In short, that the music industry's economic balance is *different* from what came before is an unavoidable economic consequence of technology and its impact on that industry's distribution models and probability gradients. And while one may say that the status quo "should have been maintained", it is the equivalent of shouting at clouds. Throughout history, technology shifts have always upended the economics of media creation, production, and distribution, and that's just the way it goes (just ask the monks who used to illuminate manuscripts). The question becomes how does a particular industry adjust to that shift? And while the music industry's balance has changed, it *has* adapted. That change has benefited some (Amanda Palmer?) and harmed many others. But the industry *does* adapt.

            Having looked at music, let's take a look at the book industry. Here the probability gradient is very different. For one, the rates of book piracy are *far* lower than the rates of music piracy were at just about any point in history. In point of fact, the current rates of book piracy are (at least in some studies) *still* lower than the rates of music piracy. Why? Because books do not suffer from the same de-coupling factor as music did.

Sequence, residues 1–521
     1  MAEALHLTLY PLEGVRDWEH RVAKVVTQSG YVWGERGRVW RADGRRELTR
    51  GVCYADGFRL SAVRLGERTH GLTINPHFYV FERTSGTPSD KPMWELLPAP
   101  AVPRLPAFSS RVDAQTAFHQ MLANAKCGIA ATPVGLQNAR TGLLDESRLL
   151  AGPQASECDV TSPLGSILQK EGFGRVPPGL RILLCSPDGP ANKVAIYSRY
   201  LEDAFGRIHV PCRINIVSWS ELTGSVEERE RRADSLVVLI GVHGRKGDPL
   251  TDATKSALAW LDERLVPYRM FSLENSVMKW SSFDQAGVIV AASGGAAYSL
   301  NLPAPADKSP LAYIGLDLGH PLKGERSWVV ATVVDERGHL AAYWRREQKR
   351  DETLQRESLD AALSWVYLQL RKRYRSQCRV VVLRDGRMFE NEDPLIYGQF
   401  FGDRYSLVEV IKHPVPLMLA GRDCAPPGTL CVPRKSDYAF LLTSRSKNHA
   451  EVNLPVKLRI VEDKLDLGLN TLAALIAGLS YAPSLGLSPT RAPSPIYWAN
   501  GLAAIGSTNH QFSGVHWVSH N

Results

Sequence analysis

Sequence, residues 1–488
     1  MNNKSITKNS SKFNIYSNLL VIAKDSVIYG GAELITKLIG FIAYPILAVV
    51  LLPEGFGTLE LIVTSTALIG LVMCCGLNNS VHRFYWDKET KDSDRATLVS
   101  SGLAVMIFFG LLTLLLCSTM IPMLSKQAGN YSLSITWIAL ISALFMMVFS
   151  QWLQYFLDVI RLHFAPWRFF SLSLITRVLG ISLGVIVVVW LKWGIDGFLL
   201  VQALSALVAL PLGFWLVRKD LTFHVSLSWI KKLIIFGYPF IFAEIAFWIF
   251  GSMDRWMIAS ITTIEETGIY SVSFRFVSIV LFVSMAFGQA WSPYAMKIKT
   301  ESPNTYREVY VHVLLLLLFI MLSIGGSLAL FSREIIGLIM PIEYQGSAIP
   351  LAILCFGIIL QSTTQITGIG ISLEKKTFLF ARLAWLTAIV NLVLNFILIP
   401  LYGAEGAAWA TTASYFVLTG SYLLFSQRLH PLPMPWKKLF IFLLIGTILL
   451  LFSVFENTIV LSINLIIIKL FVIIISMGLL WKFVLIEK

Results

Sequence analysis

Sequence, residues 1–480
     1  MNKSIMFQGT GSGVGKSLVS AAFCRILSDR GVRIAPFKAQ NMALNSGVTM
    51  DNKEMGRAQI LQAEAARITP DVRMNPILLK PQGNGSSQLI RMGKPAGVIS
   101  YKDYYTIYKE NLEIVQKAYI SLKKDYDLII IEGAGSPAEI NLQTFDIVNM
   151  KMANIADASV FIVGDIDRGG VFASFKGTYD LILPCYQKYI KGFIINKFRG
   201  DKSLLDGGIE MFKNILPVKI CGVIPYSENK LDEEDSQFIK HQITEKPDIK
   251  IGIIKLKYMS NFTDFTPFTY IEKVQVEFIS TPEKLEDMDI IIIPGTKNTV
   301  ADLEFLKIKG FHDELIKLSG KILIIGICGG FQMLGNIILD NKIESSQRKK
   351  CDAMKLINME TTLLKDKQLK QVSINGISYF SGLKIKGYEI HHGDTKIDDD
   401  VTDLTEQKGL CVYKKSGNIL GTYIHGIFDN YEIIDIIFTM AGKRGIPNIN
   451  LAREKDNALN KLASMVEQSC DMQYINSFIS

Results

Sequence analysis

People consume books in their entirety (except for anthologies, which are a very tiny niche). One does not read "just chapter 4" of a new Stephen King novel. One reads the entire text from beginning to end. This significantly lowers the opportunity cost probability factor because consumption (economically and behaviorally) is already aligned with the publishing industry's distribution model. How much is the probability factor lowered? I don't know. Neither do you. Nobody has really measured it (yet). To assume that it is 1:1 (as your rhetoric implies) or 0:1 (as many of your opponents would have it) is equally invalid.